This post is part 6 of a 6 part series explaining steps to take when starting a flea market business, selling merchandise sourced from the liquidation industry. If you’ve missed the first five posts, be sure to read post one, two, three, four, and five first.

In the fourth and fifth posts of this series we purchased and learned about pricing merchandise. Now it’s time to head to the market and setup our new booth. This final step takes planning and preparation. The day before you head out it’s best to set up your booth at home; this step will make your first selling day as smooth as possible.

Most single flea market booths are ten feet by ten feet in size. Find a large enough area at home to setup all of your displays. It’s best to “mask off” a 10 by 10 area using painters masking tape, which can be purchased at the dollar store. Once you have the area marked, begin to set up any tables and/or displays you plan on using.

Liquidation Pallet & Truckload Sourcing Secrets FINALLY Revealed within our 2024 Liquidators Guide

I like to take a 6×8 tarp to use as a backdrop to my canopy. I simply affix each side to the back canopy poles using a couple of small bungee cords. This “back wall” creates a barrier between you and everyone else. The wall will keep people from entering your booth from the wrong direction.

Once you have the canopy and tables setup, start displaying inventory to get an idea as far as how much merchandise you will be able to accommodate. A 10×10 space is really small! You may have to rotate stock from your truck or trailer as room becomes available under the canopy. If this seems to be too much of a burden, you may want to increase the size of your booth to a 20’x20′. If  stock is cramped and people cannot efficiently see what’s for sale, business will suffer.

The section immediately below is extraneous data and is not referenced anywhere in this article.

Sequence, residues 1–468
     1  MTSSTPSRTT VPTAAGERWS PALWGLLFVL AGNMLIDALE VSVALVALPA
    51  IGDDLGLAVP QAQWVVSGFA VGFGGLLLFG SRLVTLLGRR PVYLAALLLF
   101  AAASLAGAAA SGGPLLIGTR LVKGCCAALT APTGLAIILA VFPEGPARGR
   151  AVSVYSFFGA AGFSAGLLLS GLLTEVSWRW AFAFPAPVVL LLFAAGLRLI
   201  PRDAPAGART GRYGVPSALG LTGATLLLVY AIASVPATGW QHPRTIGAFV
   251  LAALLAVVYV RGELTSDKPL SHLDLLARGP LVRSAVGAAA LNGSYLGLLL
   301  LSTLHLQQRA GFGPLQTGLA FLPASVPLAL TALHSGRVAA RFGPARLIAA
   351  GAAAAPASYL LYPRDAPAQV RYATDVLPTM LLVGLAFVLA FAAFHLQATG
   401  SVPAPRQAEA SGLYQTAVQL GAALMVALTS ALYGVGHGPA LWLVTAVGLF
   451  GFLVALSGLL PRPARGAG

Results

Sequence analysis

Once you have a good idea as to how things will be setup in your booth, load the merchandise within your truck or trailer in an organized fashion. On sale day inventory should be off-loaded as it will be set up within the booth. Without organization, unloading becomes a tremendous burden trying to sort items for display.

This ends our six part flea market series; I hope I’ve given you much to think about before you start your own flea market business. I would love to hear from you about your experience selling at the flea market! Please tell us about all experiences selling at the market…don’t hold back! Please share all aspects including the good and bad. Your story just might inspire or prevent someone from making a huge mistake!

Liquidation Pallet & Truckload Sourcing Secrets FINALLY Revealed within our 2024 Liquidators Guide